Government Vehicle Procurement
Mr SOMYUREK (South Eastern Metropolitan) I
raise a matter for the minister at the table, the Assistant Treasurer, Mr
Gordon Rich-Phillips, concerning the Victorian government’s purchase of
Australian-manufactured vehicles. In November 2012 Victorian Labor,
understanding that the local auto industry needed urgent assistance, announced
the policy that mandated that all state government agencies and departments,
including outer agencies, purchase locally manufactured vehicles where a
fit-for-purpose vehicle was available.
For 14 months the coalition government consistently
and obstinately refused to follow our lead, insisting that our policy was
unnecessary because it claimed — Mr Gordon Rich-Phillips claimed in this place
more than once — that 98 per cent of state government purchases were of
Australian-made vehicles. He was pretty clever with his use of language.
I have asked him specifically in this place during
question time what that figure was when a broader definition was applied –
that is, when it was applied to more than just the government fleet. He was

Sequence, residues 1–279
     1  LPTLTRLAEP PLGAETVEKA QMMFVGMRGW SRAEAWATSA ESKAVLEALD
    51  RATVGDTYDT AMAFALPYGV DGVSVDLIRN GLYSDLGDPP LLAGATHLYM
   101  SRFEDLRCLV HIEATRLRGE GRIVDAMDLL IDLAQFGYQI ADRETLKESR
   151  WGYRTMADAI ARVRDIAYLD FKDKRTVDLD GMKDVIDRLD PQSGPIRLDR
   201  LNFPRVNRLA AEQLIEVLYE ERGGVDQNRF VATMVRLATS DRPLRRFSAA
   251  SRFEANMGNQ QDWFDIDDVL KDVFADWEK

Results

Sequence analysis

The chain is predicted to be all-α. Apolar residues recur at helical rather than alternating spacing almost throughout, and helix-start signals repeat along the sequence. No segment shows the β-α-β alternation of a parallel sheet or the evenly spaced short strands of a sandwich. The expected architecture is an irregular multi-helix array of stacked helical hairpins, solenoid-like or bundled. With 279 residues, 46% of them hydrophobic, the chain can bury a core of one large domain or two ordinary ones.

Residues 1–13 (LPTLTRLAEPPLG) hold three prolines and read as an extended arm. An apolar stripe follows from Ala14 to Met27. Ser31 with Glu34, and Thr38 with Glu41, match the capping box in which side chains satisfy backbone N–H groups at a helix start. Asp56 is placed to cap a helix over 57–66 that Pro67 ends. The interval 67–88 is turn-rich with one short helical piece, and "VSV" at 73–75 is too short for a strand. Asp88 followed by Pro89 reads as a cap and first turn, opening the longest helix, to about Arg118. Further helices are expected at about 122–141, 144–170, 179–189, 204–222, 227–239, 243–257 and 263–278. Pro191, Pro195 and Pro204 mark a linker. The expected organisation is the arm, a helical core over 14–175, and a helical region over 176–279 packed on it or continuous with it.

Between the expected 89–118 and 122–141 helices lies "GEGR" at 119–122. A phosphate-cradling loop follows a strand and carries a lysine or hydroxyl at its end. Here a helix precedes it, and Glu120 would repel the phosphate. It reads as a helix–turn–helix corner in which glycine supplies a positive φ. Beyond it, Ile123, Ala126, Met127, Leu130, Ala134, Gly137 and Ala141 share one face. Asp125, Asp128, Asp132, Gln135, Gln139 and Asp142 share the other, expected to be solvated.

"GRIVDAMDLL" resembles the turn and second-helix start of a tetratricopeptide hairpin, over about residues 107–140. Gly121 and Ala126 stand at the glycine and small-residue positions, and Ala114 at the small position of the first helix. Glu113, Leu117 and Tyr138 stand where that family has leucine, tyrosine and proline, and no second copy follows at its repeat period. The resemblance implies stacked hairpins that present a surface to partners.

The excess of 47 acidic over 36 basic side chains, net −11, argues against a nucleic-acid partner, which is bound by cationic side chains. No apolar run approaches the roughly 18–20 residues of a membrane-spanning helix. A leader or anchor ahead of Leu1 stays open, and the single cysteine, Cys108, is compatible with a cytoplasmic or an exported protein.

very oblique in his answers. Under the cover of Mr Bernie Finn’s question posed
during question time on 6 February, Mr Gordon Rich-Phillips came into this
place and announced another policy and sort of slipped in under the radar the
fact that the government would now be adopting the Labor Party’s policy. I
congratulate him on that.
Dragged kicking and screaming, the government has
done a spectacular backflip and adopted Labor’s policy by mandating that
central government departments and outer agencies purchase locally manufactured
vehicles. It has taken the government 14 months and the exit of Ford and Holden
for it to follow our lead. I ask the minister why it took so long, when it has
been obvious for so long that the auto industry has been under extreme stress.
The PRESIDENT — Order! Mr Somyurek
has 36 seconds to rephrase his matter in terms of an action. This is not
question time; it is the adjournment. Mr Somyurek
has posed a question to the minister; he has not sought an action. He has 36
seconds in which to frame a request for an action by the minister. The minister
should not simply be asked to respond to a question. The way Mr Somyurek
has put it, this matter ought to have been raised at question time rather than
on the adjournment.
– By his actions and through the introduction of this new policy the Assistant
Treasurer, Mr Rich-Phillips, has admitted that when I asked the question, the
percentage of state government purchase of locally manufactured vehicles was
not 98 per cent. At that stage I quoted a 59 per cent figure. What was the
state government’s purchase rate of